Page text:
Buying a car can be confounding — especially when numbers and acronyms start flying about. All you wanted was the red convertible, but instead, you get a lesson in how much you really know about buying and financing a car. By the end of the sale, it’s easy to get lost in the details and lose focus on what it all means for you. One acronym that you’ll likely hear is “MSRP.” While it sounds like an ingredient on the side of a cereal box, MSRP is a financial term that’s important to understand and differentiate from others you’ll hear, such as a “base price” and “invoice price.”
What Is The MSRP?
MSRP stands for “Manufacturer’s Suggested Retail Price.” For instance, if a car company sells one of its cars to the dealership for $23,000 — and the company suggest that the dealership sell it for $26,000 — the MSRP is $26,000. MSRPs are not exclusive to the car world. Most stores receive MSRPs for goods they purchase from suppliers. You may not be aware of the MSRP for jeans that you’ve purchased at the store, but the clothing manufacturer definitely gave one to the store. Due to the haggling nature of the car industry, the MSRP has taken on a significant role in the sales negotiating process. Why? Because car dealerships are not required to sell a car at the manufacturer’s suggested retail price. Depending on the circumstances, dealers may try to sell the car at a different price than suggested by the car company. The MSRP is a starting point for price negotiations, and it helps you and the dealer understand how much car manufacturers value their cars.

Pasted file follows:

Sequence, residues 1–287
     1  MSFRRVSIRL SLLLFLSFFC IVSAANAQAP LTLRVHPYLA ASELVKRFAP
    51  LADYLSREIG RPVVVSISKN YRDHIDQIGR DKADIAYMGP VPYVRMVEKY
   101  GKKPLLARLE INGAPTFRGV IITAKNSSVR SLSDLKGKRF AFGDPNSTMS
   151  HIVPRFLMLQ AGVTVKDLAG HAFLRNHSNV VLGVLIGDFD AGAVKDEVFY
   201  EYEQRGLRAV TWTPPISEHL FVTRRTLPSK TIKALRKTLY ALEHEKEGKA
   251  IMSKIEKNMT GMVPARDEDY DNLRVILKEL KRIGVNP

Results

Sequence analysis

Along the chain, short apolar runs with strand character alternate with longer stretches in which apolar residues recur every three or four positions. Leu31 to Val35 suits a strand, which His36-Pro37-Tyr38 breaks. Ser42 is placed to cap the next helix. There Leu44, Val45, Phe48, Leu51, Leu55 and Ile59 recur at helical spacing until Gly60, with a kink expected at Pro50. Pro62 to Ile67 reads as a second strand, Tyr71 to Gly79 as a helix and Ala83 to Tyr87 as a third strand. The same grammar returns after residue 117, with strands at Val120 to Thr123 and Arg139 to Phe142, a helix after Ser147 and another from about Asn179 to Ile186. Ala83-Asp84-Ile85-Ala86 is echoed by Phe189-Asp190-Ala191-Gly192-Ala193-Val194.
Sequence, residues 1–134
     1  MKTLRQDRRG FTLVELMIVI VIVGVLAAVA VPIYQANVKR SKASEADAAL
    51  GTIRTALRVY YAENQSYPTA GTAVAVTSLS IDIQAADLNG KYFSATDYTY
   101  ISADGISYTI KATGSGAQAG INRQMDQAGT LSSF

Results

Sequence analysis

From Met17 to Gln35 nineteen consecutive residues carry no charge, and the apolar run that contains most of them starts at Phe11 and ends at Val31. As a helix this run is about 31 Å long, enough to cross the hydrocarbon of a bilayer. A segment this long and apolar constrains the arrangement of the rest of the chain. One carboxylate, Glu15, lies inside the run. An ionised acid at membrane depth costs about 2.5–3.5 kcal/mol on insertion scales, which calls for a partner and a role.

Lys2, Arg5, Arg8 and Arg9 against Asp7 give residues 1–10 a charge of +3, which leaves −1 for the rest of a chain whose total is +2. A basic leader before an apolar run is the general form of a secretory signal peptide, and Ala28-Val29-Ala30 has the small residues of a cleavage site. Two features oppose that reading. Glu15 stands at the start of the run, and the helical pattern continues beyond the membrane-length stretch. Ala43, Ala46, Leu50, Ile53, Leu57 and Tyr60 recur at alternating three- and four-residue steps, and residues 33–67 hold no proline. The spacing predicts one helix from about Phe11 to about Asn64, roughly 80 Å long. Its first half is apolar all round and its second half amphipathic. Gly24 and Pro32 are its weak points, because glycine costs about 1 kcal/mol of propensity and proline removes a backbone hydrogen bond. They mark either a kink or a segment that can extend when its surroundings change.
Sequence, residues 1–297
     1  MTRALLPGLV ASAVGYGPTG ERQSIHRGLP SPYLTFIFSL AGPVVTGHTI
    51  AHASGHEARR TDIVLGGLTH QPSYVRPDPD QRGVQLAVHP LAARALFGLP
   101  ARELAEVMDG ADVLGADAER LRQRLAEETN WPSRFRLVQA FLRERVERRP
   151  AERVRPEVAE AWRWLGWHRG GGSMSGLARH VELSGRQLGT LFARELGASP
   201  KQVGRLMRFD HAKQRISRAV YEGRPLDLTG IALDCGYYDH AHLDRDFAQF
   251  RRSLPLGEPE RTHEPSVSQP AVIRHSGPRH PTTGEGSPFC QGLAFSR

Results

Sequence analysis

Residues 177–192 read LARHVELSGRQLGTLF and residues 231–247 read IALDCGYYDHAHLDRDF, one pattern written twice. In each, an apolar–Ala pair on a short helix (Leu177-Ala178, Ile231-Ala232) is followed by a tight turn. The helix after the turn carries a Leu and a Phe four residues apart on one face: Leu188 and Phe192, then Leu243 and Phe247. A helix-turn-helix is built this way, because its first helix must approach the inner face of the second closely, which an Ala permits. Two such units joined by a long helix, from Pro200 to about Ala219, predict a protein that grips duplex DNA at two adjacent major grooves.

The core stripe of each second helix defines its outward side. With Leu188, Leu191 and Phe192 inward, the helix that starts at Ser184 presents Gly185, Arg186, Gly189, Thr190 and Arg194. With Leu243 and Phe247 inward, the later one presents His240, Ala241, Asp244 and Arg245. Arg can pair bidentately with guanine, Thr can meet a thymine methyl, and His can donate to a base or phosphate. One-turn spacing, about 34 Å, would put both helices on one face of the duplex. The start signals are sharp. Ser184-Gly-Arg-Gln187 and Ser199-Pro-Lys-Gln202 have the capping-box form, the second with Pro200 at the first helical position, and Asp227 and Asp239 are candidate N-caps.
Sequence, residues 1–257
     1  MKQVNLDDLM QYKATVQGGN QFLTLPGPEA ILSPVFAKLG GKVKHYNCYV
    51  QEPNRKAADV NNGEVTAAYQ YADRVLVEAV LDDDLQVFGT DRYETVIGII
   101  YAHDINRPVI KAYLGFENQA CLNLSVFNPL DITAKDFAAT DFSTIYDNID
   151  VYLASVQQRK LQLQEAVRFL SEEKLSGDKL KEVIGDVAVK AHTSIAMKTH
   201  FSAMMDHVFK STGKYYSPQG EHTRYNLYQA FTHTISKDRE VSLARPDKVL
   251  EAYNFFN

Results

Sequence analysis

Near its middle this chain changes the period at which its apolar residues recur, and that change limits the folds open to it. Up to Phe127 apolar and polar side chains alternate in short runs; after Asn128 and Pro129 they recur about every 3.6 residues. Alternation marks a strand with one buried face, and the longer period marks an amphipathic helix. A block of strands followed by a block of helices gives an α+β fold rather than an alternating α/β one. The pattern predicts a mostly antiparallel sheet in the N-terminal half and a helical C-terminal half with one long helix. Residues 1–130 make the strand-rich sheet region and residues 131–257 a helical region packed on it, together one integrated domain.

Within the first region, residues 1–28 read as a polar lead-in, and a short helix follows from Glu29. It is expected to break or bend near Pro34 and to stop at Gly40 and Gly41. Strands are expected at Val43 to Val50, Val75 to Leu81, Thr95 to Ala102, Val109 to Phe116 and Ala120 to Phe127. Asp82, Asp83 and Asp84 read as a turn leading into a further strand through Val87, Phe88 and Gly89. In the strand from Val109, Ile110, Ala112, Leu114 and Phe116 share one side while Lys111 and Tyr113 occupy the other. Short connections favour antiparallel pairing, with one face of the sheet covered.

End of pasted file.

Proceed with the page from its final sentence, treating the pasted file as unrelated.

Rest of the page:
What Are the Problems With MSRP?
The MSRP is a convenient way to begin price negotiations. It serves as the starting place to talk about the value of a particular car to both the dealer and the buyer. But not all cars are worth the same in all places, at all times. In a poor economy, car sales tend to drop, which means dealers will likely have to reduce their prices to continue making sales. Likewise, in a booming economy, a car’s branding may be worth more to the buyer as a status symbol than the machinery is to the car company. Moreover, trucks are more valuable in areas ruled by blue-collared industries, while energy efficient cars are popular in big cities that are primarily white-collar. While in negotiations, both car buyer and dealer need to recognize the socioeconomic factors that may be involved and adjust their price expectations according to the reality of the situation.
Base Price vs. MSRP
The base price usually refers to one of two things. The first thing the base price could be is the value of the lowest-priced version of a car. Let’s say a car company has a car model that comes in two different versions. The MSRP on the Model 1 may be $26,000, but the base price for the less flashy Model 2 could be $20,000 or less. The base price can also refer to the cost of a specific model without any options. This is an important distinction because the MSRP refers to the value of a car as it sits in the dealership. The base price usually does not include destination charges. Comparing the base price with the MSRP can help you get a sense for how much a car model’s options are valued by the dealer.
Invoice Price vs. MSRP
In the previous example, the MSRP for the Model 1 is $26,000 and the baseline is $20,000 or less, depending on options. So, what’s the invoice price? The invoice price is the money the dealership spends to buy a car from the manufacturer. The dealership buys Model 1 for $23,000. Knowing the invoice price is useful because it tells you how much the dealership stands to gain from the purchase. It can also give you an idea of how much wiggle room you may have to negotiate the price down.
Making the Complicated Simple
Negotiating prices can be tough, especially if you don’t know what everything means. AutoGravity empowers you to make better purchases and wade through the mess of numbers and other factors that make buying a car intimidating.